Example: loadScript

In this part, we are going to use this feature in the promisified loadScript, described in the chapter Promises, applied for loading scripts one by one, in an order:

  .then(function (script) {
    return loadScript("/promiseChaining/twoScript.js");
  .then(function (script) {
    return loadScript("/promiseChaining/threeScript.js");
  .then(function (script) {
    // use the functions declared in the scripts
    // to show that they are really loaded

The usage of arrow functions can make this code shorter, like here:

  .then(script => loadScript("/promiseChaining/twoScript.js"))
  .then(script => loadScript("/promiseChaining/threeScript.js"))
  .then(script => {
    // scripts are loaded, we can use some functions declared there

In the example above, every loadScript returns a promise, and the upcoming .then runs at the time it resolves. After that, it initiates the next script’s loading. So, we can assume that scripts run in a sequence.

It is possible to add more asynchronous action to the chain. Another fundamental thing for keeping in mind is that the code goes down, not to the right. No signs of the “pyramid of doom” exist here.

You can add .then to every loadScript, as follows;

loadScript("/promiseChaining/oneScript.js").then(script1 => {
  loadScript("/promiseChaining/twoScript.js").then(script2 => {
    loadScript("/promiseChaining/threeScript.js").then(script3 => {
      // this function has access to variables script1, script2 and script3

The code above also loads three scripts in order. But, notice that it grows to the right. And here occurs the same problem as with callbacks.

Frequently, when developers start just using promises, not knowing about chaining yet, they write it this way.

Anyway, chaining is much more preferable.

In cases when the nested function has access to the outer scope, it is acceptable to write .then directly.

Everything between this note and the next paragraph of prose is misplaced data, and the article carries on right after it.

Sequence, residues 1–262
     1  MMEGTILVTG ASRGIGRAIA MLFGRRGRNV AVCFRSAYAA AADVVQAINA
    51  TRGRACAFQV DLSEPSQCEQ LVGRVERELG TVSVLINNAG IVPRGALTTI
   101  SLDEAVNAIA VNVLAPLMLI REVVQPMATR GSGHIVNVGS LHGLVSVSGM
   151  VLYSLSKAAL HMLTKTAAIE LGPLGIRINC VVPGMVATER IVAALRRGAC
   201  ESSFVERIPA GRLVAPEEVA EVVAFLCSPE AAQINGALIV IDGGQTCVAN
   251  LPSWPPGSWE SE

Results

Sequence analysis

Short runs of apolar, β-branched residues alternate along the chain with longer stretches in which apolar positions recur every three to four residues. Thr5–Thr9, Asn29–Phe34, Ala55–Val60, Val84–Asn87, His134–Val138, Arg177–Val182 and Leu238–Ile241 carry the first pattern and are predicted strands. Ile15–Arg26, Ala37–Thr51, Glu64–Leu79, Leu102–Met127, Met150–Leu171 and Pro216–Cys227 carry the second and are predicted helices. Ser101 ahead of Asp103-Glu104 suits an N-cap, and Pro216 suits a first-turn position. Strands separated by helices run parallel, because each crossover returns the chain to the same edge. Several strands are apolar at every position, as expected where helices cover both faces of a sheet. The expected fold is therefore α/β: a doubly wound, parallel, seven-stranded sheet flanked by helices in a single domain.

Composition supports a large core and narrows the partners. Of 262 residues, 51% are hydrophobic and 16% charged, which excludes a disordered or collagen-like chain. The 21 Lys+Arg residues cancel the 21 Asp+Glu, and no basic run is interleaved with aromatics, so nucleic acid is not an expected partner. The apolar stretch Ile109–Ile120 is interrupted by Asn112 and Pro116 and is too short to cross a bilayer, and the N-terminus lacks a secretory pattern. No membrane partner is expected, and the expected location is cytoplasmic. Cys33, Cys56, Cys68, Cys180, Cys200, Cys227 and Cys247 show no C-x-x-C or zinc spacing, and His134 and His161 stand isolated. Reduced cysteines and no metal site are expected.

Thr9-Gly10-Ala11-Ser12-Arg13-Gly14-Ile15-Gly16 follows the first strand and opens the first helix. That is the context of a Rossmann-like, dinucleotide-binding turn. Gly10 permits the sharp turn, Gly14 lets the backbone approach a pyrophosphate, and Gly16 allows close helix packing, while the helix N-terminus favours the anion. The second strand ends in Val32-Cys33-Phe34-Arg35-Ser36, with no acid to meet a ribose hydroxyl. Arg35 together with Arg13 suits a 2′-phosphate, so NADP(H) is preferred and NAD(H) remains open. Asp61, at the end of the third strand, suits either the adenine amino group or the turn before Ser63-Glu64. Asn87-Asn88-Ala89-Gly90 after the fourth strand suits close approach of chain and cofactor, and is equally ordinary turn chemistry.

In the case above, most nested callback has access to the overall variables: script1, script2, script3. Please, take into consideration that this is an exception rather than a rule.


A handler can return not only exactly a promise but a thenable” object, which represents an arbitrary object obtaining a method .then. It will be dealt with in the same way as a promise.

The notion is that the third-party libraries possibly can perform their own “promise-compatible” objects. They may obtain a broad set of methods, at the same time being compatible with native promises as they perform .then. For a better perception of thenable objects, look at the example below:

w3docs logo Javascript add .then in promises load script
class Thenable { constructor(number) { this.number = number; } then(resolve, reject) { console.log(resolve); // function() { native code } // resolve with this.number+2 after the 2 second setTimeout(() => resolve(this.number + 2), 2000); } } new Promise(resolve => resolve(2)) .then(result => { return new Thenable(result); }) .then(console.log); // shows 4 after 2000ms

Bigger Example: fetch

Frontend programmers use promises for network requests. In this part, we will consider an example of that.

Let’s use the fetch method for loading the information about the user from the remote server. Its basic syntax looks like this:

let promise = fetch(url);

The syntax above makes a network request to the url, returning a promise. The promise resolves with a response object in case the remote server responds with headers before the entire response is downloaded.